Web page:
What is DNA?

    DNA or DeoxyriboNucleic Acid is the molecule sometimes known as the blueprint of life. It contains the genetic code that exists in each cell of our bodies and is found throughout nature in living things. Genealogists can compare certain sequences or markers on specific chromosomes between living individuals in hopes of finding common ancestors.
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    How can DNA testing help genealogy?

    For purposes of surname genealogy studies, DNA refers to the 23rd chromosome pair. Females have two x chromosomes, while males have one x and one y chromosome. The y chromosome is passed from father to son and is usually identical from father to son. Occasionally, there is a mutation. Over 1000s of years, these mutations have resulted in distinctive DNA profiles for different families. These differences are the focus of DNA testing in genealogy, often called yDNA.

    My ancestors are all long dead. How do I get their DNA?

    Males carry the yDNA of their Surname ancestors, so we test them as representatives of their ancestors.. DNA tests are taken from the living and compared among groups of people. We look for male descendants who share a common surname or surname spelling variant. A single Y-DNA test is not that useful, but can be very revealing when compared to known or suspected cousins. In many cases, yDNA matches among individuals indicate a common male ancestor who may have lived hundreds of years ago, with the “cousins” being completely unknown to one another.

    How does DNA testing work?

    The DNA test is typically a cheek swab, which collects tissue cells. The laboratory examines these cells and uses standardized protocols to count the number of repeats of genetic patterns at standardized locations on the DNA helix. A DNA result is a set of repeats (numbers) at particular addresses (markers). By comparing the numbers at the markers, we can determine if a man shares a common ancestor with a second sample. Typically, this is recorded as the number of exact matches and the total number of markers, i.e.: 12/12, 23/25 33/37, etc. Generally, for a greater number of markers, there is a higher reliability and for a closer the match in numbers, there is a closer relationship.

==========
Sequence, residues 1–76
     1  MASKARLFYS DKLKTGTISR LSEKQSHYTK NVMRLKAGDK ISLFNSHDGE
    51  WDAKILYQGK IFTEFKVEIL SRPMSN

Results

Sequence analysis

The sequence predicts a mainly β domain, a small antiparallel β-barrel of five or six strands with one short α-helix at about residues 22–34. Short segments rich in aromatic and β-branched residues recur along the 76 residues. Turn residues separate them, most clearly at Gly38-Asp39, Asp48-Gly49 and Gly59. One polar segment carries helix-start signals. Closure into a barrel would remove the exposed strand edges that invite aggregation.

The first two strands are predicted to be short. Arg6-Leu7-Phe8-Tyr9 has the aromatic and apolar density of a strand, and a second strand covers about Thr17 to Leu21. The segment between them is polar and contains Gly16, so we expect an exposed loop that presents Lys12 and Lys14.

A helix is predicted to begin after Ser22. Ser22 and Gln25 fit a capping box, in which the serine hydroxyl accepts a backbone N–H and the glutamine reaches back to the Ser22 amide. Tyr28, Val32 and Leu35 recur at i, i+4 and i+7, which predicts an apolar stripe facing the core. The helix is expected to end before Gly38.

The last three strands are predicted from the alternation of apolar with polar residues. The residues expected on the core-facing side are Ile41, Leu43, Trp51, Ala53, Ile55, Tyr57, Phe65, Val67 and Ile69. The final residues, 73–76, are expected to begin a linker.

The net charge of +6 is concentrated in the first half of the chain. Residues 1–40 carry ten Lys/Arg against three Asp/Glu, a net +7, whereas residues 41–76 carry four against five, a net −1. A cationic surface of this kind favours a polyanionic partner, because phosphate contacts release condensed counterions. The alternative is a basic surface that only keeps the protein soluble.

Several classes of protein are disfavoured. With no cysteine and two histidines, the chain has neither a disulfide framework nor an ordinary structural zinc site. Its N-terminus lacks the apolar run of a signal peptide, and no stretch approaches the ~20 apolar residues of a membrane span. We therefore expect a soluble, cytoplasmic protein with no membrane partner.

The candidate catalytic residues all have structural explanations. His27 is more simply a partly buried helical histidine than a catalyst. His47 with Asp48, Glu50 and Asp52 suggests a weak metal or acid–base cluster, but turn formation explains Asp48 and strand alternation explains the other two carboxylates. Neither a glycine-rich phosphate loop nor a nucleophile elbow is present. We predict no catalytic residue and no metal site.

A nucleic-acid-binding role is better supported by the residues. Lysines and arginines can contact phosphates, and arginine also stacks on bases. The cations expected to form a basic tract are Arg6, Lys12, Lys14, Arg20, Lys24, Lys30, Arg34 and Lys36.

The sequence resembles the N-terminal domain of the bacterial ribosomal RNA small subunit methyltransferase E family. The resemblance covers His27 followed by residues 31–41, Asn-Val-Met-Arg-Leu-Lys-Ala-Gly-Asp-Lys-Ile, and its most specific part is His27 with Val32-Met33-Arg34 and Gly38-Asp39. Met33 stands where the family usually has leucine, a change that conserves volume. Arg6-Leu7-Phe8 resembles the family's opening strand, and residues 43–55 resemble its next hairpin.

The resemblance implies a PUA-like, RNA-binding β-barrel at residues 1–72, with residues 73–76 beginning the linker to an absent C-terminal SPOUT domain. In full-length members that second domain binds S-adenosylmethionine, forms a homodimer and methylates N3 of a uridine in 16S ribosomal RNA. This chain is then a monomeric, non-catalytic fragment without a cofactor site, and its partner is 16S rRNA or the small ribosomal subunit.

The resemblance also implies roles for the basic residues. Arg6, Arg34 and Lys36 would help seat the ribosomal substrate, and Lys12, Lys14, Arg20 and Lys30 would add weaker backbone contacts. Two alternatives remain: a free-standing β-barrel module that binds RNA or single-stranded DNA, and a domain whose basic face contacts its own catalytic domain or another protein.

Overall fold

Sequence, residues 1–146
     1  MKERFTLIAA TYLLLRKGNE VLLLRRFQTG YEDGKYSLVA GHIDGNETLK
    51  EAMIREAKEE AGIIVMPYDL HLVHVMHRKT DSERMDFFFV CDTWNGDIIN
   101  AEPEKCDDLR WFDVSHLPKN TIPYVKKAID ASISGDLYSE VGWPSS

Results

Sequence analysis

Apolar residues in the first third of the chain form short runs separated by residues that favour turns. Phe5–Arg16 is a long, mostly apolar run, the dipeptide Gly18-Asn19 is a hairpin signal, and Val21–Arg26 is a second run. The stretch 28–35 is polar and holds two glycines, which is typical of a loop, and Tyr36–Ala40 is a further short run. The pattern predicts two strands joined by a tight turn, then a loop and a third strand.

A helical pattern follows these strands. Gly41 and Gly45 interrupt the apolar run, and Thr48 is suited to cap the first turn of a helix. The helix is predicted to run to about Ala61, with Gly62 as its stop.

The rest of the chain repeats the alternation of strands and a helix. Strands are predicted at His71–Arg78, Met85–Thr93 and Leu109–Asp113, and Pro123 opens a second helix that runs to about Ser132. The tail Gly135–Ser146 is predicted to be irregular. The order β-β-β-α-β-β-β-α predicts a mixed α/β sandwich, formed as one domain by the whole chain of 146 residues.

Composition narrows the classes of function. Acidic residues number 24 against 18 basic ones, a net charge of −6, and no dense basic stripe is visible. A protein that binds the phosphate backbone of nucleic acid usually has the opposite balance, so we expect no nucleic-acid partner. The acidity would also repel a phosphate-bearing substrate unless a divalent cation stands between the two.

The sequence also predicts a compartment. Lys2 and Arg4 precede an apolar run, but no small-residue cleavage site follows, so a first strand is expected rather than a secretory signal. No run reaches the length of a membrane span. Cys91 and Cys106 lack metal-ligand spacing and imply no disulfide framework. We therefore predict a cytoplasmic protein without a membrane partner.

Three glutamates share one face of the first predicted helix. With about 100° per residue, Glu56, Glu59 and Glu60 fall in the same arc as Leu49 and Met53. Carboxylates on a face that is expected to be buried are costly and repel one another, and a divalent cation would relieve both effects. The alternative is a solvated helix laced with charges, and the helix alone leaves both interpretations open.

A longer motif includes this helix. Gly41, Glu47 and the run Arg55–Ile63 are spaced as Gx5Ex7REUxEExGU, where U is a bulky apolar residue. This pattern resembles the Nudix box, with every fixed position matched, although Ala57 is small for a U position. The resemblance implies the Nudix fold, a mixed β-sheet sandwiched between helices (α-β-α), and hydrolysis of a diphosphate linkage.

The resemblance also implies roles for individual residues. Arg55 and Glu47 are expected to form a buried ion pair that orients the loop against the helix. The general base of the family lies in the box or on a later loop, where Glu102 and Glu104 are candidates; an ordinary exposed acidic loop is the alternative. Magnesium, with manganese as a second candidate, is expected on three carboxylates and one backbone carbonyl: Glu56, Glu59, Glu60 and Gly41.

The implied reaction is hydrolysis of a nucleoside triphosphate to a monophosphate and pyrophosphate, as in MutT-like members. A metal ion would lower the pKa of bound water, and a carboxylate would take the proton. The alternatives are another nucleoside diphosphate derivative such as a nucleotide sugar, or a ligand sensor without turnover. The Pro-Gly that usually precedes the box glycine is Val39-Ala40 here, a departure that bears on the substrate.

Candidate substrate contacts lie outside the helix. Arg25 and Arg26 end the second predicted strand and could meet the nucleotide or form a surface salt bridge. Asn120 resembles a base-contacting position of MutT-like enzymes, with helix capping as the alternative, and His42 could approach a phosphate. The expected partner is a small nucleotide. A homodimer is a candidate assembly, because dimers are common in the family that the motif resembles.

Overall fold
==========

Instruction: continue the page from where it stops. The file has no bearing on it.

How conclusive is DNA testing?

    The typical researcher is interested in specific individuals in a specific family tree, while DNA testing evaluates common ancestry. By itself, a DNA test cannot confirm that a specific individual is the ancestor of the test participant.

    However, DNA testing can confirm that two test participants share a common ancestor. When combined with traditional genealogy, DNA results can aid in reconstructing genealogies and can confirm or refute specific relationships, including descent from specific ancestors, with a high degree of confidence. The most useful comparisons are between men who have closely matching yDNA patterns and who have also established paper trails (genealogies).

    DNA testing can be conclusive in proving that a male from an earlier generation is NOT an ancestor. The degree of certainty is a function of genealogies of the participants who document the earlier male.

    Can I use DNA testing in lieu of other research?

    DNA testing should be used as a supplement to traditional research. It has a limited value when used alone.

    Who should get tested?

    Anyone who is interested in confirming their surname ancestry should consider DNA testing. A male can represent himself and his surname family, while a female will need to arrange for a male relative to represent her and her family.

    Sooner or later, in researching a family tree, we all get to the point where the paper records become scarce to non-existent. Perhaps we have several possibilities or much circumstantial evidence as to whom the next ancestor in a line may be, but no way to determine which is which. DNA testing may be just the thing to help to break down some of those “brick walls,” which sooner or later, we all face.